"vogue" Discussed on Vogue Podcast
"The smallest gucci purse available but i had my gucci the image of an echo. The lighting through the city with it back was one that consumers latched onto the aspirational out of reach. Life of the most chic women alive became a little more accessible through clutch republic folk and designers and brands took note. If you could get him moss to carry all by. Because she was the ultimate goal. I mean she was the icon. Enter feed her a few times about she vogue and she had an incredible style. You know when she out the lengths york back which was called. I think it was called the city by so when she carried that by which was kind of messy with zips and tassels and it was kind of a little bit rock and roll. Suddenly the balenciaga back became an. It's that kind of alchemy of fashion. When everything falls into place the same time you can sell a cool rahkamo val to anyone events is so you could be selling your product far more widely if you could encapsulate it in a little bag. That doesn't have any size. You don't have to tall either mobley to where anyone can carry a city bag and kate moss as the girls were showing women around the world. How fashion could signal glamour ease and cool and the real world. They were becoming celebrities in their own. Right one way you contract. There is look at the pages and the covers of vogue. Severe coppola for example was embraced by the fashion world and was photographed for the cover of boga talia by steven meisel in nineteen ninety-two that meant lots me because it was right after the godfather sweet come out and then just totally ripped apart of hunting ruined that movie and then first-even to take these elegant classic photos and and and be really embraced by the fashion world meant locks me after being totally rejected by you know the movie world. I felt like i had my people at i connected with increasingly. The fashion world was realizing that the fame and beauty of these young women were a boon to brands. Fame and beauty always potent forces for fashion. But the ekos were more than that. They were the embodiments of the lifestyle. Anna put gwyneth paltrow on the august nineteen ninety-six cover and suddenly the supermodels.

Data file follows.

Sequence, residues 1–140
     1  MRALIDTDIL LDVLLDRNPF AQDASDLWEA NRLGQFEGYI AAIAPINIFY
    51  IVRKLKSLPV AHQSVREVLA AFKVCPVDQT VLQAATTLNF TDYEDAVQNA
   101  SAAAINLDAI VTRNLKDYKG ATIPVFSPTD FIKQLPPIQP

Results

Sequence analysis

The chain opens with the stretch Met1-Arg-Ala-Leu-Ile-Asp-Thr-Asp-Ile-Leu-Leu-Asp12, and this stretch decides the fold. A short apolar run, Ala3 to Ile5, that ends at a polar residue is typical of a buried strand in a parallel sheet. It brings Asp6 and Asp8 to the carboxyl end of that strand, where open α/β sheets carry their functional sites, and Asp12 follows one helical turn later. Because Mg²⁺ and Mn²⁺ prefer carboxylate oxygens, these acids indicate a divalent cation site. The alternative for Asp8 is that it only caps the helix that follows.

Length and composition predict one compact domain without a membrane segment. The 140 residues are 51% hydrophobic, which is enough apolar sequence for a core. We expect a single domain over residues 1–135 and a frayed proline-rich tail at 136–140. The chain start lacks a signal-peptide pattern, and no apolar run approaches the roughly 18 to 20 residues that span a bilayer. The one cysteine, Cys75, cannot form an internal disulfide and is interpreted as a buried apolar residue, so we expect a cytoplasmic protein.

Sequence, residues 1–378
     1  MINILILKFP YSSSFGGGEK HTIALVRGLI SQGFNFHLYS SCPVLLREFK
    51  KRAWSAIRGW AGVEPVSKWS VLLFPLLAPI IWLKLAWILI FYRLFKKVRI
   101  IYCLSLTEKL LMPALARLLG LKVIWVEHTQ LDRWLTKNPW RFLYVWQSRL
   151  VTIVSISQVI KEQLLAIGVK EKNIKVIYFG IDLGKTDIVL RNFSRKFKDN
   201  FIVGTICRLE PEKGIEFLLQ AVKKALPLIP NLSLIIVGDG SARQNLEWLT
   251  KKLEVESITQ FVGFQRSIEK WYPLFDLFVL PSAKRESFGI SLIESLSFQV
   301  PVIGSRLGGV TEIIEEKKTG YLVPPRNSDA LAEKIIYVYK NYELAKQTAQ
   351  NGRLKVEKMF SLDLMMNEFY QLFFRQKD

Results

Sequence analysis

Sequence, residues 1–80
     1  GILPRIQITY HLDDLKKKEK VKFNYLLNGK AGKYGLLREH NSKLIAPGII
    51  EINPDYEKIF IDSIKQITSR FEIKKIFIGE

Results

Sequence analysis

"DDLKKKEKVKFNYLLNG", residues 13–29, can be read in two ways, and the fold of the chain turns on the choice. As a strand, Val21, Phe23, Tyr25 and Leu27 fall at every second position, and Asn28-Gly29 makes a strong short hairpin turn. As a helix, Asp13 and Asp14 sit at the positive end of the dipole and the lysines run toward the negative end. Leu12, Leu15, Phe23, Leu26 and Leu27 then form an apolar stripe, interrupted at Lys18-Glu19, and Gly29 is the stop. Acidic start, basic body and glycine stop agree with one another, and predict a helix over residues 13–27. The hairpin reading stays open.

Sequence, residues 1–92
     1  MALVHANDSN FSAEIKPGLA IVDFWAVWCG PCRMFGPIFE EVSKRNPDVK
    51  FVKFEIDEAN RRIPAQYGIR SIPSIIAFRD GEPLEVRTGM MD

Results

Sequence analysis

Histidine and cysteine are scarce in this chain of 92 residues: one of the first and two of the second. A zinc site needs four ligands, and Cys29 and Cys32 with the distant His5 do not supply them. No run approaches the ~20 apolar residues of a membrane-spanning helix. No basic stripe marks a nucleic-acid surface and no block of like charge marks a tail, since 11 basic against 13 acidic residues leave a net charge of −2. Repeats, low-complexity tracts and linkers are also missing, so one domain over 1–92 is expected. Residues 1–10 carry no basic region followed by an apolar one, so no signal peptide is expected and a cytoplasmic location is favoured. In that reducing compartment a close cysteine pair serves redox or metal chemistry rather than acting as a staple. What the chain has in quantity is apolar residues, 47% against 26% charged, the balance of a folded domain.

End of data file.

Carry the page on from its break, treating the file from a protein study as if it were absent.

"vogue" Discussed on Vogue Podcast
"Cooler and soon the downtown scene in which khloe played such a key row became a hub. Were coup mixed high fashion. Low created their own lines and served as inspiration to designers. Like jacobs and anna. Swe mark jacobson around that time. I don't remember we always talking about. How do we actually need. Kind of a blur. Six coppola had always been interested in fashion. The daughter of iconic film director francis ford coppola sa- snagged an internship at chanel fifteen. But it was in the lower manhattan club and fashion scene that she became known her clothes her friends and the youthful artistic energy that radiated around them and i remember new york at that time that fashion leak and the mtv awards and halloween all at the same time so my friend tonight with trying to get out to new york for that moment in october because it was a mix of all this kind of exciting time in around fashion in new york and the shaun heads feign this halloween party. That yellow you never get dressed up for in the models who get dressed up for and it was really fun and we have. We have old videos of us doing our makeup and getting ready to go so it was just something that was so different than normal life in california. Does the uptown fashion world downtown. Coup kids scenes began to merge. All eyes were on the most stylish young women from all over the city dashing from party to runway show to party living alive. Most people could only ever dream of.